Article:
May 23: Harry Gold, a former nuclear research scientist now working at Philadelphia General Hospital, is arrested on espionage charges. He was identified by convicted spy Klaus Fuchs as a courier for passing atomic secrets to the Soviets.

Wednesday, May 24

May 24: The bitter South Carolina Democratic primary campaign between Gov. Strom Thurmond and Sen. Olin D. Johnston for Johnston’s Senate seat reaches its second official day when the party’s county-to-county “speakings” arrive in McCormick and Edgefield, Thurmond’s hometown. Both towns are in the heart of Klan country that has seen activity just the past four weeks. Thurmond criticizes Johnston for “joining the Trumancrats in 1948 while I was fighting for states’ rights against civil rights,” and criticizes Truman’s executive order that desegregated the U.S. armed forces. If there is another war, Thurmond says, “our white boys and girls in service … would be forced to sleep in the same barracks, eat in the same mess halls and use the same recreational facilities as Negroes. Now what I want you to remember is this: my opponent was in the Senate when all this was going on. He did not open his mouth in protest. … If I had been in the Senate you would have heard from me.” Johnston downplays his support for Truman in 1948, saying that a Democrat in the White House is better for South Carolina than a Republican. “I am thankful the Democratic Party is bigger than the little man now in the White House.” Referring to Franklin D. Roosevelt’s 1945 death while in office with Truman as vice president, Johnston adds, “He (Truman) got in there only by accident.”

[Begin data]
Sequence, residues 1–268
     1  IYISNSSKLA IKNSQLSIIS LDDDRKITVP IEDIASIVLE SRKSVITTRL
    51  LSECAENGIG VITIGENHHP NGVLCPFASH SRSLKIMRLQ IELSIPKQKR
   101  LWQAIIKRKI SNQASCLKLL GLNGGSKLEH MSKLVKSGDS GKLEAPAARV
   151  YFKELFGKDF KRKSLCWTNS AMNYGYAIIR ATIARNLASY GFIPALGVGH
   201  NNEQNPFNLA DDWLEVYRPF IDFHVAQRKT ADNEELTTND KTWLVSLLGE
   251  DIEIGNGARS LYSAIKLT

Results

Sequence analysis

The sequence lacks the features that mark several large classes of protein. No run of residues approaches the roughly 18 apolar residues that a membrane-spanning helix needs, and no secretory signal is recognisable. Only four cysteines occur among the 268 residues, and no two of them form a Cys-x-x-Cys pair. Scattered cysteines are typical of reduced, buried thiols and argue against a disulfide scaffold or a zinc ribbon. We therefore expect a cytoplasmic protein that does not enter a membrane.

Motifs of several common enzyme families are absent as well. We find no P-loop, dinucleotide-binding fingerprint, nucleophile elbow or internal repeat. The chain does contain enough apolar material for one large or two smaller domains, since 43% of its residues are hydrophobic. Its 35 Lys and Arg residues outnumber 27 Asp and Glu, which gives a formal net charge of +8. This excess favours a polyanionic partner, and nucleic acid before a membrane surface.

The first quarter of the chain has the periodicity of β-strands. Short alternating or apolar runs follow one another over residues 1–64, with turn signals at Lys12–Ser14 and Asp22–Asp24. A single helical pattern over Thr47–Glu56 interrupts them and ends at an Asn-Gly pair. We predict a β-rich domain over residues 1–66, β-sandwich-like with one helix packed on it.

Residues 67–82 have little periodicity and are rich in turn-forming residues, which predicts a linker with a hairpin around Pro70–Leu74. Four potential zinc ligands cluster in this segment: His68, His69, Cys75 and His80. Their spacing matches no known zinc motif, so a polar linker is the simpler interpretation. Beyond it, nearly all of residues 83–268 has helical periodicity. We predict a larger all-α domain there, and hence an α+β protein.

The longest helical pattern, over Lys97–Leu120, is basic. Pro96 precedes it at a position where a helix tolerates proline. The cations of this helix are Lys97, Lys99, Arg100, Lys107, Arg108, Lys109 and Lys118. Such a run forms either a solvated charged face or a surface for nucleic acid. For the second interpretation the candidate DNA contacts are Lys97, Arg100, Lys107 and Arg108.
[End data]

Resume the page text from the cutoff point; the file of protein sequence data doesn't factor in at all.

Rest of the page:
Thursday, May 25

Empire Day (Canada)
May 25: The South Carolina Democratic Party’s county-to-county “speakings” featuring Gov. Strom Thurmond and Sen. Olin D. Johnston goes to Aiken and St. Matthews for the third day of the party’s official campaign season. Thurmond, the 1948 “Dixiecrat” presidential candidate against Harry Truman, is trying to unseat Johnston, who bitterly opposed Truman’s nomination then supported him in the race for President, and now is running against Truman’s civil rights record in South Carolina. Thurmond charges Johnston with “wobbling in and wobbling out so much it is hard to keep up with him. First he is against Truman, then he is for him. Now he is against him when the Democrats of South Carolina begin blowing on his neck.” Johnston defends working within the Democratic party, citing the successful filibuster of the Federal Employment Practices bill. “Don’t you be hoodwinked. The South must remain inside the Democratic Party … Our strongest bulwark is to remain in the Democratic Party. Whether you like it or not, Truman is President for two more years … I don’t like it, but I can’t help it. No Truman or Humphrey (referring to Sen. Hubert Humphry (D-MN)) is going to run me out of the party of my forefathers.” Thurmond accuses Johnston of remaining “silent as a tomb” when Truman ordered the desegregation of the U.S. military. “If I had been in the Senate … I would not have been silent. I would have taken a stand with Bradley, Eisenhower and Marshall and would have opposed integrating the races.” Thurmond invokes his 1948 campaign and says, “I fought for states’ rights and we will continue to fight for states rights.” The debates that have taken place over the past three days will set the tone for the next five weeks of campaigning in each of the state’s forty-six counties.